Our Four-Point Plan to Help Build a No-Kill Asheville
Our community has made huge strides in reducing the euthanasia of animals in the Buncombe County Animal Shelter. We are blessed to live in such a caring and generous community, and we are lucky to have such capable organizations as the Humane Alliance and the Asheville Humane Society, and our own Brother Wolf Animal Rescue. We know it’ll take all of us working together to help build a No-Kill Asheville.
For Brother Wolf Animal Rescue’s part, we have devised a Four-Point Plan that we believe will not only have immediate life saving results, but will help rally the community behind our efforts.
1. Triple Our Adoption Efforts
We have aggressively increased our adoption capabilities by:
(a) making critical improvements to our Adoption Center. These improvements helped reduce the stress levels of the animals and decreased their length of stay.
(b) employing a team of adoption counselors who work closely with our Behavior Team to learn what kind of home each animal needs, to create happy, lifelong connections between animals and potential adopters.
(c) tripling (at least!) our weekly offsite adoption events across the city and county.
We know that there are people who, no matter what we do, will never come to a shelter or adoption center to adopt. So, we will bring the animals to them — out in the community!
2. True Community Engagement
Through our NeighborCorps program, volunteers are going door-to-door, neighborhood-by-neighborhood to educate folks about all the resources available for animals in our community, including support for spay/neuter services, wellness assistance and assistance with pet behavior issues.
Our goal is to improve awareness and access to these critical services that can help keep animals out of the shelter system in the first place. We want to help people to be the best pet guardians possible!
And along the way, we’ll remind folks that it’s okay to be a concerned and helpful neighbor, especially when innocent lives are at risk.
If you’re concerned about an animal at risk in Western North Carolina, please call 828-505-3440 or email us at email@example.com.
3. Helping Community Cats
Community Cats used to be the highest group of animals “at risk” in our area to be euthanized if they entered the sheltering system.
Thanks to our Community Cat program and the collaborative partnership with both county Animal Control and the Buncombe County Animal Shelter, the number of community cats entering the shelter system and subsequently euthanized has plummeted. Municipalities across the country are proving that a well-managed, community-based TNR program stabilizes outdoor cat populations, and significantly reduces shelter euthanasia. Click here to learn more about how our Community Cat program helps cats!
Through trapping and mediation and support for food and medical care, our Community Cats Program helps caring citizens extend care to outdoor cats, so the cats can live out their natural lives, and outdoor cat populations can stabilize through natural attrition.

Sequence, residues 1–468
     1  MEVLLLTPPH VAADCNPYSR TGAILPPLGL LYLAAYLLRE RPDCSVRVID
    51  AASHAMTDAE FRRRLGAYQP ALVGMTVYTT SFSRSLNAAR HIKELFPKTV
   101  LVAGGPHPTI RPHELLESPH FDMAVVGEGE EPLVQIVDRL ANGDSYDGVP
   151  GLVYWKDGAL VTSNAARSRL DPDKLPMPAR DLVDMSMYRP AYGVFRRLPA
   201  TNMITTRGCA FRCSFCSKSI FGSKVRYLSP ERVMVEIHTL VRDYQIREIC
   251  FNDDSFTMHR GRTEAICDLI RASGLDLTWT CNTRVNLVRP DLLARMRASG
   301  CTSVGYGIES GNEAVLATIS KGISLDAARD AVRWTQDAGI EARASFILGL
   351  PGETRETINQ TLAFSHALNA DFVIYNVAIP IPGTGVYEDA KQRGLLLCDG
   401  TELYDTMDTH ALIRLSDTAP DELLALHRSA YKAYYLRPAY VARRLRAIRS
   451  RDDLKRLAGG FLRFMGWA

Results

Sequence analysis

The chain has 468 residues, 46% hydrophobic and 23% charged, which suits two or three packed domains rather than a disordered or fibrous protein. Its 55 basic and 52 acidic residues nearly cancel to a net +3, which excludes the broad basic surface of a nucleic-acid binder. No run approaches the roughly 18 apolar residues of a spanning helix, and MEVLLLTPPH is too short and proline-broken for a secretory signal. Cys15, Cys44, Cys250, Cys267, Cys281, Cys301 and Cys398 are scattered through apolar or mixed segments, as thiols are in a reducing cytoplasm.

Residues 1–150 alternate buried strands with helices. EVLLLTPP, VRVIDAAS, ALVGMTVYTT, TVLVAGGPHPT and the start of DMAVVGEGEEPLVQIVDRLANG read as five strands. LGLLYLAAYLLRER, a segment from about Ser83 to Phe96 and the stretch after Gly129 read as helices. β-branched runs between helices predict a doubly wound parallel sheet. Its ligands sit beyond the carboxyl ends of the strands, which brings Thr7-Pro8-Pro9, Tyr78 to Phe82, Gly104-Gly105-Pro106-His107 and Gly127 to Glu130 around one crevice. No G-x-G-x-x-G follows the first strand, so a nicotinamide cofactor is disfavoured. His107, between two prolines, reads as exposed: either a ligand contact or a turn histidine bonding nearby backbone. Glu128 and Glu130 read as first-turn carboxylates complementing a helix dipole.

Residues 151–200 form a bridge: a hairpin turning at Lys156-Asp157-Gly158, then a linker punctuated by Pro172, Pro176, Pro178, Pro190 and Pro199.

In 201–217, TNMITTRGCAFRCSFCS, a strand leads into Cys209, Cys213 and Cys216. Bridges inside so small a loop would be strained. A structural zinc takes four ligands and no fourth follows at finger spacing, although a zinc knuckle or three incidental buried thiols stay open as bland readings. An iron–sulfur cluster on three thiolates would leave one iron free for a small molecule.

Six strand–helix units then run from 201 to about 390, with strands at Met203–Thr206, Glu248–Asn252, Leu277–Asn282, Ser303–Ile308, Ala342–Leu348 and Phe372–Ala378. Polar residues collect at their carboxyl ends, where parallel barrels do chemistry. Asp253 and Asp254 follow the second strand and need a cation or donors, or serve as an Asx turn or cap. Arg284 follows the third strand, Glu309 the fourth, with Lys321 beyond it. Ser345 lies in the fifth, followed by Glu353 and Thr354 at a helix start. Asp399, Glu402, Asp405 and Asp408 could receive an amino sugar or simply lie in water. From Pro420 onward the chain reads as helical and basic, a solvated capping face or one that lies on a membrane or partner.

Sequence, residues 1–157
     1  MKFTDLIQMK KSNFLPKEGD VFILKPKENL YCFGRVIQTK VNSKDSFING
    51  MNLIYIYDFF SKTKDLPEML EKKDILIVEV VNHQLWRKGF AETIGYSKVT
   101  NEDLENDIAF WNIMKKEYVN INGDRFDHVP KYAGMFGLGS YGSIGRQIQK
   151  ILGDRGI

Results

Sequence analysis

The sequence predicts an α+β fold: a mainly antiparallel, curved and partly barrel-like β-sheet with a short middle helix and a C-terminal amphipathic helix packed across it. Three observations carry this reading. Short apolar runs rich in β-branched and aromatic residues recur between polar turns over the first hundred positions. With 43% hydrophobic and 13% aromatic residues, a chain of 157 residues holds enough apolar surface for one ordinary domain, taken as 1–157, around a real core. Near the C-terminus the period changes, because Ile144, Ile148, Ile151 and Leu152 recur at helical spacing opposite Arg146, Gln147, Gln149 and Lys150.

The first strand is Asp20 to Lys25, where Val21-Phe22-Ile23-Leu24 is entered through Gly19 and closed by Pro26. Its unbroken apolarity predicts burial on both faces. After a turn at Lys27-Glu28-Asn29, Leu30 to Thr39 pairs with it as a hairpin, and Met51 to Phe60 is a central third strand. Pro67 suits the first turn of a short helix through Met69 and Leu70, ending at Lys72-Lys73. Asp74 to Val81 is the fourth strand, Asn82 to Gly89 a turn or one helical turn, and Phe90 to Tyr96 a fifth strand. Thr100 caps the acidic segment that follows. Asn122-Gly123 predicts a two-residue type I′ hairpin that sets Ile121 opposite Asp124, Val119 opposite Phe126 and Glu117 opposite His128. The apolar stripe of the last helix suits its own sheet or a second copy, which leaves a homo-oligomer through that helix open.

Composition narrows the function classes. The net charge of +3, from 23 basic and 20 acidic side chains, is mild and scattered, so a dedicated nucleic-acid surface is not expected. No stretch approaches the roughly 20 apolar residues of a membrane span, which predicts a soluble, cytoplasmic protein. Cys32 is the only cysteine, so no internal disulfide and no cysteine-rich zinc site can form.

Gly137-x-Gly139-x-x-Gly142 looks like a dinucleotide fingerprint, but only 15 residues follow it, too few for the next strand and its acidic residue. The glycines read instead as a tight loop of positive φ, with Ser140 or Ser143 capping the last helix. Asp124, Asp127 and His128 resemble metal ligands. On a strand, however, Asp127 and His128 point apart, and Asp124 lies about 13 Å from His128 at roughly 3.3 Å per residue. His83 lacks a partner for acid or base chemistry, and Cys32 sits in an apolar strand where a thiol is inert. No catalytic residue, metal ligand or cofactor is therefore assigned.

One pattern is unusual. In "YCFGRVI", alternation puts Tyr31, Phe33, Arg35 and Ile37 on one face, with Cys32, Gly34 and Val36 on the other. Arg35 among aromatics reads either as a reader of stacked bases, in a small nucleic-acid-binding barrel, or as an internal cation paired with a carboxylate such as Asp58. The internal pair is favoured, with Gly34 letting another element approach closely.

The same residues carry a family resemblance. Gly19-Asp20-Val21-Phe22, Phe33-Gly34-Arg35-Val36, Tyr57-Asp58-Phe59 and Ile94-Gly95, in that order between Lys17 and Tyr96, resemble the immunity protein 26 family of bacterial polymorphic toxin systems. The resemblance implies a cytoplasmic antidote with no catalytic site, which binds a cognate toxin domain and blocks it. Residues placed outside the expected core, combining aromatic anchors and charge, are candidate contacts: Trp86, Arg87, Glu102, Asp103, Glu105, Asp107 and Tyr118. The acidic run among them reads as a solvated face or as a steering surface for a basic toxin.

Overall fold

4. Sanctuary for Long-term Rehabilitation Needs
In 2013, about 1,900 animals were euthanized in the Buncombe County Animal Shelter. We estimate that about 1,000 of those were outdoor cats (see #3 above). For the 900 or so remaining dogs and cats, we estimate that about two thirds were animals needing some sort of medical or behavioral rehabilitation. In 2014, 999 animals were euthanized in the Buncombe County Shelter. Outdoor cats used to be the number one “at risk” animal in our community, but that is no longer true thanks to our community cat program.
While our community has made great strides in reducing the number of animals euthanized at our local county shelter, we still have much work to do. The animals that need us the most now are often labeled as “special needs” animals, and Brother Wolf has always specialized in this population of dogs and cats.
We know that the animals most at risk at our county shelter and in our community will require longer-term care than is suitable for a busy Adoption Center environment. That’s why we’re in the very exciting process of building an Animal Sanctuary!
The new Sanctuary will provide adoptions, volunteer opportunities, and critical care for those dogs and cats so abused and neglected that they require longer term, more specialized rehabilitation. In addition, the Sanctuary will be an educational resource for area youth to learn about our responsibilities to animals, nature, and society. Indeed, we intend for the Sanctuary to be a haven and destination for people from all walks of life to connect with nature and our work for the animals, and to be inspired to do something amazing in their own lives.
The Sanctuary will be located on a majestic, 82.5 acre property in Leicester, NC, just minutes from downtown Asheville. The acreage is a beautiful mix of rolling pasture and mountainside forest, with three natural springs on site. Click here to learn more about our Sanctuary!